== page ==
Dee Caffari a month into her westabout global record attempt battles with erratic winds as she heads south down the Atlantic

Date18 December 2005


Sunday morning at 0800 UTC I had three reefs in the mainsail and some of the headsail furled away as 30 knots of breeze hit me. The wind direction had also changed so that we were now hard on the breeze heading east of south.

By 0900 UTC I had shaken two reefs out, had tacked the boat as the wind had continued to back and I had fully unfurled the headsail again.

By 1000 UTC I had barely 5 knots of breeze, a full mainsail and headsails, trying to keep going on a reach.

By midday, I had 2-3 knots of breeze, becalmed. I had turned the autopilot off as it was working really hard to stay on course and we were barely making a knot of boat speed. I lashed the wheel and started adjusting sails to try and make us move.

By 1300 UTC I realised that the breeze will come to she who waits, so I started to make use of my time with no autopilot on. Armed with my grease gun, I raised the cockpit sole boards to reveal the steering quadrant. There are various pullies and bearings that need greasing, and that was my task. Located in all the really awkward places to get to are various nipples for the grease gun and I spent about 20 minutes as a contortionist trying to get to the right places. A task much suited to when the quadrant isn’t moving as the tendency to trap feet and legs would be too huge to consider with the autopilot merrily steering away. I’m not sure if I got more grease on me or in the bearings but that is another job off the list.

At about 1400 UTC about 5 knots of breeze came from the west. I gently moved the sails across to the other side and we gathered momentum. The autopilot went to work again and I can only keep my fingers crossed that the breeze will stay, as there is no indication in the sky.

Twenty minutes later the breeze died again. Then it filled from the south, then it died and filled from the west to 4 knots and then it came from everywhere and nowhere yet again and so the cycle went on… and on… and on….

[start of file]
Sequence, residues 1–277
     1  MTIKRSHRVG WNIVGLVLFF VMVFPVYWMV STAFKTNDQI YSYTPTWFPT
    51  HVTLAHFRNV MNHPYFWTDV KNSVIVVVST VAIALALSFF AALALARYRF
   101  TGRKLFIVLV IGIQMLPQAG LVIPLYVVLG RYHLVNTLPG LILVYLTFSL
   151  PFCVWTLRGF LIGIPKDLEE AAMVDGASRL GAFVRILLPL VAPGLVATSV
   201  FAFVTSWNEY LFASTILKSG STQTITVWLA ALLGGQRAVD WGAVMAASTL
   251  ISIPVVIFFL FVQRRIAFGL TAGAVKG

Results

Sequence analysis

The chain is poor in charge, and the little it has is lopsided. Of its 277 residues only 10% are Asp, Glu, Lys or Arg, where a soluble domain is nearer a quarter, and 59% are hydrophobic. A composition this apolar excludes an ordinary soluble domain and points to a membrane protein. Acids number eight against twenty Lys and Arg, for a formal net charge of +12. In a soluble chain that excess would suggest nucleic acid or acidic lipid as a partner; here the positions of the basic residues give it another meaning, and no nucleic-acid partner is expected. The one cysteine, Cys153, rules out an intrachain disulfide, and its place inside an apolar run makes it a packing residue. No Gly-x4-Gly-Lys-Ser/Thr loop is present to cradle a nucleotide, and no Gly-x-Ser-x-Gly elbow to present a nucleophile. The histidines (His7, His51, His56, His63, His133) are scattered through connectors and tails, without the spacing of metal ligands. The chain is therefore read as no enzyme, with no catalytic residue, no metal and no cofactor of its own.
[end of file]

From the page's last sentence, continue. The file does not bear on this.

That is what I thought until we had a little momentum and we were sailing just before dark and I went on deck to do a quick check before I lost the light and ahead I saw a huge wall of black cloud. Here we go again! All day nothing and then just to say goodnight a huge downpour and who knows what breeze! When it came, it came fast. The rain fell in sheets and it was a cold rain, the first time I had felt that in a while. The wind blew hard and caused the sails to flap as it came forward on us. The reefs went in fast, two; one after the other. I went back to the cockpit to see 30 knots on the dial. I couldn’t see how big this cloud was, would the wind stay or was this to be short lived again. I furled some headsail away and waited. No more than 15 minutes and the wind speed began to drop again. It was still raining but the wind had gone. All that effort and now I needed to put it all back again. Was this the middle for more wind to hit us at the other edge of the cloud or was this it and no more wind is coming. I need a good decision or I am going to be busy all night long.

I am sat just before midnight with 4 knots of breeze rotating the anemometer at the top of the mast as if it is about to take off. Although, I am not pointing in the right direction and not sailing at a good speed, to look at my surroundings made me realise I should share them with you. Each wave that laps the hull as we ghost along sends a shimmer of light across the water. It is like sailing on a sea of Christmas glitter. The phosphorescence is always mesmerising.

Now we have been at sea a month and this last week has gone by very quickly. I have sailed 5500 miles and we are only 700 miles from the end of the coast of Brazil and the start of the coast of Uruguay. We have about 2000 miles to the gateway of the Southern Ocean, the notorious Cape Horn. So all being well we could be rounding at New Year.

Dee & Aviva